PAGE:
Monday, May 2, 2011

Why we need strong p4ssw0rds


Back in February 2011, Rick Redman from Korelogic came to present his Supercharged Password Cracking Techniques at the Austin OWASP chapter monthly meeting.

With these techniques, he was able to crack large password database in a very short time using a tool called John The Ripper. In this article, I want to present what are these techniques and what we can do to secure our identities online.

In December 2010, the media group Gawker (Gizmodo.com, Lifehacker.com) was attacked and their 750,000-password database was stolen. The passwords were encrypted with the algorithm DES, but it did not prevent them from being cracked. More recently, the Sony's Playstation Network was also being attacked. More than 75 million passwords, emails, credit card numbers and other personal data have been compromised.

The top left shows the 250 most commonly used passwords from the Gawker database. I built this word cloud with wordle.net. On the right, it is an extract of the password dictionary used by John The Ripper. I built this with a JS library called stratus. If you are currently using one of these passwords for your bank account, you should probably change it quickly!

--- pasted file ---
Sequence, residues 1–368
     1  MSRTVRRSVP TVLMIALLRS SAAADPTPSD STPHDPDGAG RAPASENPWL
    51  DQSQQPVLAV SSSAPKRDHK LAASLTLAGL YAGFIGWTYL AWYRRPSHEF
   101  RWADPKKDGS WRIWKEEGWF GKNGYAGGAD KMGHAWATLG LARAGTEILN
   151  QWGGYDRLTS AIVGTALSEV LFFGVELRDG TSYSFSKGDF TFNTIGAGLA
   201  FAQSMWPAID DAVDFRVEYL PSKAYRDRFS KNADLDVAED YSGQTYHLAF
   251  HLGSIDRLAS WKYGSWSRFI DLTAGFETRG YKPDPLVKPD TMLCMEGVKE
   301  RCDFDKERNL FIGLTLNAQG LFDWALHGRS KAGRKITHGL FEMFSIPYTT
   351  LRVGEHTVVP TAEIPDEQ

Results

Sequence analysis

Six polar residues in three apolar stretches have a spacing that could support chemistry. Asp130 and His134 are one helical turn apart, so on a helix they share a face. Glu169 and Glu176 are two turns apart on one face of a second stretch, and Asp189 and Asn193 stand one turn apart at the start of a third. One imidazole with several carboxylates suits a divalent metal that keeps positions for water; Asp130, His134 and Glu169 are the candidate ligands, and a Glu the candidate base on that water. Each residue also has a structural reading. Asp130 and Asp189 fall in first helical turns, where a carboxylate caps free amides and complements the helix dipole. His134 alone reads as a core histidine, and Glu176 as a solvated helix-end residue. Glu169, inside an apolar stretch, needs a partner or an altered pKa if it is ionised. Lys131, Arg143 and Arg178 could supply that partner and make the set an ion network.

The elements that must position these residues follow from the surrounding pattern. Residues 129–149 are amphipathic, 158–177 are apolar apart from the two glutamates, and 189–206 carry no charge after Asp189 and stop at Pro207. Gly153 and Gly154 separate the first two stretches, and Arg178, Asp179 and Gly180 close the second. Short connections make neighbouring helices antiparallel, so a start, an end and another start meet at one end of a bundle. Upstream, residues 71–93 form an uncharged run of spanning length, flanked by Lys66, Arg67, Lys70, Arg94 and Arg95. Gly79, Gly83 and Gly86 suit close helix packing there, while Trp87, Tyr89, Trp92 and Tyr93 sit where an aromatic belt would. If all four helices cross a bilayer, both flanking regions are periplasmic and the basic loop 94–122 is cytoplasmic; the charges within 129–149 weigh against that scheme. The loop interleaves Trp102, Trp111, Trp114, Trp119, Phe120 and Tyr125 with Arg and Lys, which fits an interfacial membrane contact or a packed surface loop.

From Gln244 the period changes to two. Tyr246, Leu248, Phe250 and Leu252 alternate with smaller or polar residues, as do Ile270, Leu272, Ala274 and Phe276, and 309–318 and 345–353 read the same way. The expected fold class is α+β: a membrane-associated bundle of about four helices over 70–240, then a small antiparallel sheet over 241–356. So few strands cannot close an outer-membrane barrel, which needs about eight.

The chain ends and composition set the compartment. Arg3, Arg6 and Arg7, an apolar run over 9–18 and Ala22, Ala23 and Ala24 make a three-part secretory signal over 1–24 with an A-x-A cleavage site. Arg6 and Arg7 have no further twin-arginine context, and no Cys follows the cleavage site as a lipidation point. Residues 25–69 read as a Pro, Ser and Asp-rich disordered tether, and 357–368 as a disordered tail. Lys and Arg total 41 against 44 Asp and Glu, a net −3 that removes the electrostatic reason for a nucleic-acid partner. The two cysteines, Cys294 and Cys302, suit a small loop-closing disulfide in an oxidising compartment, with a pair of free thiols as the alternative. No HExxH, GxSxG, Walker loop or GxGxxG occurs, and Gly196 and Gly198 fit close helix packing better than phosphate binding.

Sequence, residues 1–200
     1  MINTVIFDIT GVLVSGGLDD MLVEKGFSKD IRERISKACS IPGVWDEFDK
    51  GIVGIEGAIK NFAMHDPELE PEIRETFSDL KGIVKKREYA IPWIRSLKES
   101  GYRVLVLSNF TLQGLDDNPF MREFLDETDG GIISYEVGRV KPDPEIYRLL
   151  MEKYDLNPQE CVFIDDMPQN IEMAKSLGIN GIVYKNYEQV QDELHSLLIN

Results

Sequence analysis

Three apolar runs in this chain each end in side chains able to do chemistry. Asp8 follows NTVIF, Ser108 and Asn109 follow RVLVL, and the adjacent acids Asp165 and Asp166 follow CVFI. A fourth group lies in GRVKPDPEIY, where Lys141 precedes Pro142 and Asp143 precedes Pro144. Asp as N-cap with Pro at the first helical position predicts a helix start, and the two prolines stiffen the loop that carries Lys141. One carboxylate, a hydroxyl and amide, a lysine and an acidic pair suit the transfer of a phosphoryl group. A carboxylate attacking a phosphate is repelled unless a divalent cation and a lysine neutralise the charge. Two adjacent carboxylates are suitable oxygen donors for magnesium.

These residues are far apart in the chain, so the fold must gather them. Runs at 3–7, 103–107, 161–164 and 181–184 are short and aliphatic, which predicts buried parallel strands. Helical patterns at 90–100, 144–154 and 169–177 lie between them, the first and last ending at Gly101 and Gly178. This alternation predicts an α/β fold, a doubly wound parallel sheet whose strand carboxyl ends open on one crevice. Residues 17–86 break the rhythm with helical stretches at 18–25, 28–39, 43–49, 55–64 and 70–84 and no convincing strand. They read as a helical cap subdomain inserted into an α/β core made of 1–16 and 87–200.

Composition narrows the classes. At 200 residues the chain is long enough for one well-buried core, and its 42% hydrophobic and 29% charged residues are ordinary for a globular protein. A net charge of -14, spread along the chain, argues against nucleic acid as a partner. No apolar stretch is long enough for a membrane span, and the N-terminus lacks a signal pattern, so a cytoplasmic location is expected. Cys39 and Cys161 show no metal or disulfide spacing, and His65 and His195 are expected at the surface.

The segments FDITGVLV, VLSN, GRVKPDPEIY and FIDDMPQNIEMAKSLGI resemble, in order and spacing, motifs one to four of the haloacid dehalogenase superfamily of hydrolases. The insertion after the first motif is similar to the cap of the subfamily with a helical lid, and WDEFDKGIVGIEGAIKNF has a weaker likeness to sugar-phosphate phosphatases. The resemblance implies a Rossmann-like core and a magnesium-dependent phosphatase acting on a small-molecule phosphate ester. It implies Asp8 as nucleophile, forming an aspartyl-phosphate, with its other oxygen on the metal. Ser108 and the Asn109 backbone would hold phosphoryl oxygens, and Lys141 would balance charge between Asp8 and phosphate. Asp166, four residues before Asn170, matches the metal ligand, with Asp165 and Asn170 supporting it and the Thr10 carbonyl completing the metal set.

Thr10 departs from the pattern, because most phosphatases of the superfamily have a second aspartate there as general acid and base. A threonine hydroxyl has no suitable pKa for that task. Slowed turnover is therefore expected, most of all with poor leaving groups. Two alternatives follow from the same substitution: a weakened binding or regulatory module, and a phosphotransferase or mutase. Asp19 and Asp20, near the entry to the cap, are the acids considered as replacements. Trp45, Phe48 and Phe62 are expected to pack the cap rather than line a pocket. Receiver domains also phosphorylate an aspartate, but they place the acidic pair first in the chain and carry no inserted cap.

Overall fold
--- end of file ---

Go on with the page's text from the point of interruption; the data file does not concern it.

These decrypted real user passwords not only revealed what are the commonly used passwords but also showed that many people are using the same patterns to build their passwords. Knowing these patterns, it is possible to crack passwords in a much shorter time than using a basic brute force technique.

Here is how you can customize John The Ripper (JTR) to crack encrypted passwords. Please note that I am using an unofficial build of JTR available here. First, you need to create a file containing the passwords to crack. In our example, this file is called pwd2crack.txt and here is the file content:
user1:d0763edaa9d9bd2a9516280e9044d885
user2:a8e003b1180fd689f558657079d05f5a
The file contains the passwords for 2 users: user1 and user2. The passwords are hashed using the MD5 algorithm.

To run John The Ripper, you can use the following command:
>john --wordlist=password.lst --format=raw-MD5 pwd2crack.txt
Loaded 2 password hashes with no different salts (Raw MD5 [raw-md5 SSE2 16x4])
monkey           (user1)
guesses: 1  time: 0:00:00:00 100.00% (ETA: Mon May  2 22:42:22 2011)  c/s: 469428  trying: trinity - hallo
As you can see, JTR was able to crack user1's password almost instantly because "monkey" was in its list of passwords. But JTR was unable to crack user2's password. You can try the default command using the built-in logic to guess the passwords.
>john --format=raw-MD5 pwd2crack.txt
Loaded 2 password hashes with no different salts (Raw MD5 [raw-md5 SSE2 16x4])
Remaining 1 password hash
guesses: 0  time: 0:00:00:04 (3)  c/s: 195765  trying: 39of - 3ayo
guesses: 0  time: 0:00:00:15 (3)  c/s: 2965K  trying: beteng95 - betel197
guesses: 0  time: 0:00:00:43 (3)  c/s: 5430K  trying: swoji1x - swojsem
guesses: 0  time: 0:00:00:55 (3)  c/s: 5817K  trying: ahabh9 - ahabu2
guesses: 0  time: 0:00:01:08 (3)  c/s: 6052K  trying: luk12ay - luk11io
Session aborted
After running this command for a few minutes, my computer got really hot and JTR was still not able to crack user2's password. While JTR is running, press the space bar to print in the console the progress of the operation.